A federal department is reconsidering the boundaries that determine how workers in different areas qualify for employment insurance.
Changes to the 64 EI regions, as they’re known, would send political ripples through the country as some workers benefit while others find themselves with tougher hurdles to clear to get benefits.
Documents obtained by The Canadian Press under the access-to-information law show how fraught the process can be, noting complaints that haven’t subsided after the last change five years ago.
Employment and Social Development Canada is working on a fast-tracked review of the current boundaries that help decide the number of hours workers need to put in to qualify for EI benefits and how much they can receive depending on where they live.
System based on where you live, not where jobs are
In general, the idea is to make benefits more generous in parts of the country where it’s harder to get work, though a quirk of the system is that it’s based on residency, not where jobs are. Two people who get laid off from the same company at the same time could have different benefit entitlements because they live on opposite sides of an EI-region boundary.
How the department determines where to draw the lines separating EI zones will be different from previous reviews, with the internal documents detailing a plan to emphasize some factors over others, including putting less reliance on unemployment rates.
If all goes according to plan, the department anticipates making recommendations by September 2020 — one year after this fall’s federal election.
“Changes in boundaries need to be made in a very thoughtful manner because any change in boundaries will involve losers and winners,” Social Development Minister Jean-Yves Duclos, who oversees the EI system, said in a recent interview.
Duclos said the objective needs to be making the EI system better and not about picking “who wins and who loses. That would be a political objective.”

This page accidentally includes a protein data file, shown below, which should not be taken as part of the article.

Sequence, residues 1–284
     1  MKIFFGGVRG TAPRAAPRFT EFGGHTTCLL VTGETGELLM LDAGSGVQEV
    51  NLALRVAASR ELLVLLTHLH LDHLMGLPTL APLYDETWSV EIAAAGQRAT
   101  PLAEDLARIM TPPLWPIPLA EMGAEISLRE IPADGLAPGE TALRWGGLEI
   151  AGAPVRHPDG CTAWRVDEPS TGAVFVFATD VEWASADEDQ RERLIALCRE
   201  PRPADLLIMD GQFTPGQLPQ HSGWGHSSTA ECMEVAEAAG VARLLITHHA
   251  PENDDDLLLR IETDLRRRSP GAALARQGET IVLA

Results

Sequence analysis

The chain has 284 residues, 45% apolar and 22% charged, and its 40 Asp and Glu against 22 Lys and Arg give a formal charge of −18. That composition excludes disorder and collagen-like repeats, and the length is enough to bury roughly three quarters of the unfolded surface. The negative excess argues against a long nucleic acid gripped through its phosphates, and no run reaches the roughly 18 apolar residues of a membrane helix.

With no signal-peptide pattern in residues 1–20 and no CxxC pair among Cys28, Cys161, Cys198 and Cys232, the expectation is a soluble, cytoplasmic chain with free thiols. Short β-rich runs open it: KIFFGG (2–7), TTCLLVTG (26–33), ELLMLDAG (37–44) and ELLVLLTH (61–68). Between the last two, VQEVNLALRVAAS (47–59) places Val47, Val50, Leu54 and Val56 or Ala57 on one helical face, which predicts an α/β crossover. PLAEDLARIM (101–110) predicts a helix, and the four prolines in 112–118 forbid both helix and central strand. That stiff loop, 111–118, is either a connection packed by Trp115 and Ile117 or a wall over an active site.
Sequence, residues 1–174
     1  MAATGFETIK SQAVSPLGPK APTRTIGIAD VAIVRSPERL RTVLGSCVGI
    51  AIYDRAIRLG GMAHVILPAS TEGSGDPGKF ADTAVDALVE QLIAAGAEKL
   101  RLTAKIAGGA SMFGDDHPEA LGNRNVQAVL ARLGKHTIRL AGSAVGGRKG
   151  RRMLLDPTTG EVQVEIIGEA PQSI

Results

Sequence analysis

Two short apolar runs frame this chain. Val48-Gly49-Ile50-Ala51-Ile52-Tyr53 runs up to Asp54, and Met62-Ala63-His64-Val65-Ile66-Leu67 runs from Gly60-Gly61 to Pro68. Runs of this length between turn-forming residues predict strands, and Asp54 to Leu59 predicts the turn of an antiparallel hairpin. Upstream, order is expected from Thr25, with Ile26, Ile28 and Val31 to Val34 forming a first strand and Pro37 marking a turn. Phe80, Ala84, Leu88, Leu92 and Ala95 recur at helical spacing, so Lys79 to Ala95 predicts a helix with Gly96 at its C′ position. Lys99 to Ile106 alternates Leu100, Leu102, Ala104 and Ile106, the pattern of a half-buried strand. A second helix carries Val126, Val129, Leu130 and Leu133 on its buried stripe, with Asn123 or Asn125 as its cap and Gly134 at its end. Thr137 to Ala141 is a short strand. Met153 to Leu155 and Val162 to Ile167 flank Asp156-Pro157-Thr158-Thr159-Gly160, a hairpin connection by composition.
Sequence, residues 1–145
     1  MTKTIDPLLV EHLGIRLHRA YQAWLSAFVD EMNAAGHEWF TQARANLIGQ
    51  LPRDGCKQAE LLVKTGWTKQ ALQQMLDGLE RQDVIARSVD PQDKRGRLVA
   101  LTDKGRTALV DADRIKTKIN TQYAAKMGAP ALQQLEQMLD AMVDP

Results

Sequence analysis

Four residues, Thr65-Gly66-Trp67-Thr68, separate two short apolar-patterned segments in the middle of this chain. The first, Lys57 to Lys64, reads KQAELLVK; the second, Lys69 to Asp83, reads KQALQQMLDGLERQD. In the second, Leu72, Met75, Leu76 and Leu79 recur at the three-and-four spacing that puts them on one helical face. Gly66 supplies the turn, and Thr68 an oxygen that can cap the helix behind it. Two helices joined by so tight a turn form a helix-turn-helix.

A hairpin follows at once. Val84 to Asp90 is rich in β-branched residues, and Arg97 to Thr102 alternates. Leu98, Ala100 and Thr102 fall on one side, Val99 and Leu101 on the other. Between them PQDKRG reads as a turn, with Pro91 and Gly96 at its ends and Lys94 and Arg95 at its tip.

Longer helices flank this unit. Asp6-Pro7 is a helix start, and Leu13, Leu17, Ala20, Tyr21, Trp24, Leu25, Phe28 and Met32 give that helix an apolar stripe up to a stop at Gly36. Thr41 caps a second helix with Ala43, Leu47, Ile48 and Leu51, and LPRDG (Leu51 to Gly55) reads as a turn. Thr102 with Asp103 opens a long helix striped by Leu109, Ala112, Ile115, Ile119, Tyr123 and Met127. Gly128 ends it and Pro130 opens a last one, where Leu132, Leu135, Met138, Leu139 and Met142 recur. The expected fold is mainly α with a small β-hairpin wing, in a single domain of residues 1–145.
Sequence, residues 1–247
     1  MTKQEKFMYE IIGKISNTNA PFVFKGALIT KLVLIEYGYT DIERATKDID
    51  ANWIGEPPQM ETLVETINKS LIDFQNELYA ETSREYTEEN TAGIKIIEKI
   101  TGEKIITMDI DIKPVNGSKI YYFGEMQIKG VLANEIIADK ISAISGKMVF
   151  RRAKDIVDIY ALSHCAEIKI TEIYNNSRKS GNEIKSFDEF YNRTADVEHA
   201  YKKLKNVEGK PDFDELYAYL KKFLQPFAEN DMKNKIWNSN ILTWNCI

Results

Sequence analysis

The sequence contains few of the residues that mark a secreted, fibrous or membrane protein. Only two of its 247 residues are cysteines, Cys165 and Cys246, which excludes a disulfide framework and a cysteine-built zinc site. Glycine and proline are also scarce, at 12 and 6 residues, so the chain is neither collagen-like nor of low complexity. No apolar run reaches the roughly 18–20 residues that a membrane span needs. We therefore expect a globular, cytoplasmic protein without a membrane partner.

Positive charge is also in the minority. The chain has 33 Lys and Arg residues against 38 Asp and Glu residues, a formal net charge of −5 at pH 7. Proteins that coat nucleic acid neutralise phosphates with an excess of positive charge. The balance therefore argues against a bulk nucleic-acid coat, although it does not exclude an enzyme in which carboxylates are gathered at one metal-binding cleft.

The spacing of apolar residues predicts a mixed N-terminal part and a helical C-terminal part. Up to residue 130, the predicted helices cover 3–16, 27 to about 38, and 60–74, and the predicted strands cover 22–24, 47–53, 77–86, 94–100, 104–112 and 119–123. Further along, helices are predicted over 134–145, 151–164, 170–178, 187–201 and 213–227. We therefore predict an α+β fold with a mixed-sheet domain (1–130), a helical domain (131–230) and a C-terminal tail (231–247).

Some residents of Alberta, P.E.I. have complained
Where the lines go can make a big difference in local politics. Alberta has zones centred on Edmonton and Calgary that include some suburban and surrounding rural areas but not others. After oil prices crashed, the Edmonton region was at first excluded from a 2016 boost to EI benefits, leading to complaints from people who worked in the oilpatch but had permanent addresses in the city.
The 2014 review split P.E.I. into two EI zones with boundary lines drawn in a way that benefited the lone Conservative riding in the province: The entirety of the riding of Egmont, covering the western end of the Island, fell into an EI zone where workers needed fewer hours of work to qualify for benefits.
Tory cabinet minister Gail Shea nevertheless fell to a Liberal challenger the next year. Changing the boundaries so P.E.I. is again one region — as the Liberals once pledged to do — could be problematic for rookie Liberal MP Bobby Morrissey, who holds the Egmont seat, where residents would suddenly lose their advantage.
“It’s extremely unfair, but the dilemma — and I can understand this from my colleague Bobby Morrissey’s point of view — is if you go to one system, then there will be a loss to P.E.I.,” said Wayne Easter, a long-time Island Liberal MP. His riding of Malpeque is partly in the EI zone with more generous benefits, partly in the zone centred on Charlottetown that has less generous benefits.
Any time he goes to an event, people in his own party like to point out the Liberals committed to reverse the changes and tell him that if “it isn’t changed, I’m not going to be able to support you.”
Federal officials, Easter said, must ensure there is a “better understanding of how and why” any changes are made.
No requirement to actually make changes
The last two-year review wrapped in 2018 without any changes, and provided a set of lessons the department plans to apply this time around. A presentation to the department’s top official noted the unemployment rate should be considered separately from other factors when deciding the borders of an EI region.
The documents say that other labour-market factors — such as the kinds of industries, local demographics and the number of seasonal jobs — would provide a better understanding of the differences between neighbouring regions with similar unemployment rates.
Officials discussed using unemployment rates in the review by looking at long-term trends rather than at a single point in time.
The department said the current review started in October 2018, but there is no requirement at the end for the Canada Employment Insurance Commission, which is responsible for the boundary review, to make any changes.